God, who said, “Let light shine out of darkness,” has shone in our hearts to give the light of the knowledge of the glory of God in the face of Jesus Christ. But we have this treasure in clay pots, to show that this all-surpassing power belongs to God and not to us. At all times and in every way, we are hard-pressed, but not crushed; at a loss, but not lost; hounded by enemies, but not deserted by God; thrown down, but not shattered. We are always carrying around in our bodies the killing of Jesus, so that the life of Jesus may also be revealed in our bodies. For we who live are always being given over to death for the sake of Jesus, so that the life of Jesus also may be manifested in our mortal flesh.
So death is at work in us, but life in you.
—2 Corinthians 4:6-12
Thus writes the Apostle Paul in 2 Corinthians 4, sounding one of his central themes: we have been united with Christ in his death and resurrection, which means that when we suffer—not for sin, but for other reasons—we are somehow suffering with Christ; and more, that suffering with Christ is part of the way God works in us and uses us.
We have been given an incalculable treasure; we have been given new light by which to live, the light which is the knowledge of who God is and what he is like, which has been revealed to us in Jesus Christ. But receiving that treasure hasn’t immediately made us perfect and perfectly beautiful; the light is brilliant and glorious, but we’re still just drab, workaday clay pots, cheap, easily broken, not worth repairing, common as the day is long. Sometimes, that’s intensely frustrating, and sometimes it seems to make no sense; but when we start to imagine ourselves more than that, we start to think that the beauty is really ours, not God’s, and we start to take the credit for it ourselves—and we don’t let his light shine through. Put a light in a whole, unbroken pot and put the lid on, and no light escapes; but if the pot is cracked, then the light can shine through.
And we are cracked, and life keeps cracking us. None of us here, I think, can come close to the catalogue of Paul’s trials, but we all suffer; and while some of it we know comes to us as the consequences of our own sin, there is much that we do not deserve. We suffer because we aren’t properly appreciated, because we don’t get the credit for what we do, because we make a convenient scapegoat, because things simply go wrong and we lack the money or the influence to fix them; we suffer because we’re too honest to pass the blame when the fault is ours, or because we take the blame in order to protect someone else, or because we keep our commitments when everything is going wrong or when others have broken faith with us, rather than seeking a loophole and getting out. We all know times when we are hard-pressed, when we are at a loss; some of us at least have known what it is to be persecuted by another, and most of us have felt the pain of being thoroughly defeated. We are cracked pots, and no mistake.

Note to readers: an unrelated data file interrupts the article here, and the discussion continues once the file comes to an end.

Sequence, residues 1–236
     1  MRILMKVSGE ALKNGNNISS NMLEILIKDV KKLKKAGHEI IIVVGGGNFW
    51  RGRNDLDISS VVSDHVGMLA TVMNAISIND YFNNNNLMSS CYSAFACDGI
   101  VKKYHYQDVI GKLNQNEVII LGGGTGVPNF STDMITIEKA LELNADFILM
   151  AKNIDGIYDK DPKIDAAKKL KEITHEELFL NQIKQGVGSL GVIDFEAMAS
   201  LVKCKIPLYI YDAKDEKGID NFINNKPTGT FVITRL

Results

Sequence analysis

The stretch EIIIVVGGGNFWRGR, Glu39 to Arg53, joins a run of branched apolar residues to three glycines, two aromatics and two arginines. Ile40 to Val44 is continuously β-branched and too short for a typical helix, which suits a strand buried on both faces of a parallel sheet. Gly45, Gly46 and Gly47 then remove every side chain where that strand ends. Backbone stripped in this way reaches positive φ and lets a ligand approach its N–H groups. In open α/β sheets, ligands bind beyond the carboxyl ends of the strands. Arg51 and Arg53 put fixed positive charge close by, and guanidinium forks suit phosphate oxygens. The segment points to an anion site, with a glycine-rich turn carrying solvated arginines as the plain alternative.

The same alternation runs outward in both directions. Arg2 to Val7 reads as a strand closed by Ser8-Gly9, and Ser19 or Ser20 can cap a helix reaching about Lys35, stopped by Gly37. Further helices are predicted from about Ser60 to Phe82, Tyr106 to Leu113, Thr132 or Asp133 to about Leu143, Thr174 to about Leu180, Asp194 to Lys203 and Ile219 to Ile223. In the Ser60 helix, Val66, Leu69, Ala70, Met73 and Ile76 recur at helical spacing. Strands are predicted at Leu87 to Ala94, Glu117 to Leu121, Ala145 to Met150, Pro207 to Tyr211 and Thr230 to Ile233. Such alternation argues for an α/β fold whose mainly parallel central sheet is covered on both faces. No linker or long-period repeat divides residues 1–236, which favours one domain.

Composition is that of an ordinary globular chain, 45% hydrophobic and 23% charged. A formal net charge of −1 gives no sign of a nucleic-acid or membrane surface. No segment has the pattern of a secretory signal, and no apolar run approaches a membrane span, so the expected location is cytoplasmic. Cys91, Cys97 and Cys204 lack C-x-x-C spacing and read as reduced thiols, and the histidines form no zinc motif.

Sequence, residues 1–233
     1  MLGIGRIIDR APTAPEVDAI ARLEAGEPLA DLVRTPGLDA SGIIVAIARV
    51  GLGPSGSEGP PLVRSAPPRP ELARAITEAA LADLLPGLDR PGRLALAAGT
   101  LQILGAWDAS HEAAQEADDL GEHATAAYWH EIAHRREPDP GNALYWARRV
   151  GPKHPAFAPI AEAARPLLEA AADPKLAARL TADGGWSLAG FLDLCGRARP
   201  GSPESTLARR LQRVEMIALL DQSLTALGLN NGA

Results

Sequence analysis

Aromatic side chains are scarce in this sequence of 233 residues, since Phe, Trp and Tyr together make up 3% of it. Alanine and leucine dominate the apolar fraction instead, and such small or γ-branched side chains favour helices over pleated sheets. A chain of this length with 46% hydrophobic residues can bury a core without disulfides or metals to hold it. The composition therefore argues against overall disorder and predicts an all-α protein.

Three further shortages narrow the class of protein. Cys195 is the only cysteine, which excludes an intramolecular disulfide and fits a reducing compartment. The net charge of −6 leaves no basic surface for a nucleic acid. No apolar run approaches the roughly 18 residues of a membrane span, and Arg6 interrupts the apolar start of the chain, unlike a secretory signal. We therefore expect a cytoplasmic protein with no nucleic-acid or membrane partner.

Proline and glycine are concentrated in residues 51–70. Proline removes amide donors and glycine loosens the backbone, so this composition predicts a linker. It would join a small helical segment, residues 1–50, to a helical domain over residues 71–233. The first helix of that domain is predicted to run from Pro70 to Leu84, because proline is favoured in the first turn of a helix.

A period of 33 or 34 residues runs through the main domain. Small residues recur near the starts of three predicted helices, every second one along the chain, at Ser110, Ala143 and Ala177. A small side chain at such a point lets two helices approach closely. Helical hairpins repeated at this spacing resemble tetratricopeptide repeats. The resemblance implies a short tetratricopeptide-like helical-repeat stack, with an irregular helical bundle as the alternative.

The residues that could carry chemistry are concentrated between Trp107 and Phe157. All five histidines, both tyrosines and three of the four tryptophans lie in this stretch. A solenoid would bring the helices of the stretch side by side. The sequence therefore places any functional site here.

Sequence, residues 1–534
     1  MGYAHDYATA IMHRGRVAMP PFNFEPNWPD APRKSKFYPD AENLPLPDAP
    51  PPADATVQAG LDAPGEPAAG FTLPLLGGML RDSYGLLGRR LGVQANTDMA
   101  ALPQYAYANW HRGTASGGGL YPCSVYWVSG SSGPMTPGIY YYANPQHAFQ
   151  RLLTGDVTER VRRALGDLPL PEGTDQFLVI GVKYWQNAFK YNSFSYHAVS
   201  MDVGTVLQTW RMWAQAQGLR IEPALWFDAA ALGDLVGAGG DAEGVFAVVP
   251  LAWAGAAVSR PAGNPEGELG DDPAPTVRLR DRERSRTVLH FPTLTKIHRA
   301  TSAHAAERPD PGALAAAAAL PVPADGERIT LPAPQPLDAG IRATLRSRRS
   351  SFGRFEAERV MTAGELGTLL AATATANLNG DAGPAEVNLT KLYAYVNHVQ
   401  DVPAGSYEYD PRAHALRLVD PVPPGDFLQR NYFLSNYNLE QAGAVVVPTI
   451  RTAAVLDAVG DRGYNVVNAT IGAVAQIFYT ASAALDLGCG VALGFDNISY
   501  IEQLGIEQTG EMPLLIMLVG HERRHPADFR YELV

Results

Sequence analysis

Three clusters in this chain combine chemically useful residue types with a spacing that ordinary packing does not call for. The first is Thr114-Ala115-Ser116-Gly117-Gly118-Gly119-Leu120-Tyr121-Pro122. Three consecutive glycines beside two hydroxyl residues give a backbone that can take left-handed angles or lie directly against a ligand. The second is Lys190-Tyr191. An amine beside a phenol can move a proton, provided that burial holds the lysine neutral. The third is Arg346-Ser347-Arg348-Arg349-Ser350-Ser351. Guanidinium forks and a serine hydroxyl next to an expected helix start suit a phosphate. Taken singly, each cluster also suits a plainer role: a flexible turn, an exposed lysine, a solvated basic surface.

And through those cracks, the light of God shines, and within us, his power holds us together; and so though life presses us hard indeed, he bears us up under the pressure, and he makes a way out in his time. Though we are all too often bewildered, unsure, at a loss, we are never truly lost; we may not know where the next step is, but God does, and he’ll guide us, one step at a time. We may indeed find enemies hounding us, for who knows what reason, but even then, God is with us—we are not left alone; and though we are sometimes thrown down, we don’t shatter on the ground, because God keeps us in one piece, and so we bounce back.
And in that, we come to understand a little more, from the inside, what Jesus suffered for us—and as others see God bring us through the suffering that comes in this life, they come to understand that a little more, too, and they see his light shining in us. As people see the dying of Christ reflected in us, they can also see the life which overcomes and has overcome death, his resurrection life. We bear witness that we can in fact gain life by giving it away, that we can receive life by letting go of it, that we can find joy and peace even in the midst of pain and hardship, and that we have in truth been given a life which overcomes even death itself; and in so doing, we point people to Jesus, in whom they too can find life, eternal and overflowing.
In a sense, wherever else we might find ourselves in the story of the crucifixion, we are all Simon of Cyrene: called to carry his cross, and to find in that our witness to Jesus and our ministry to this world.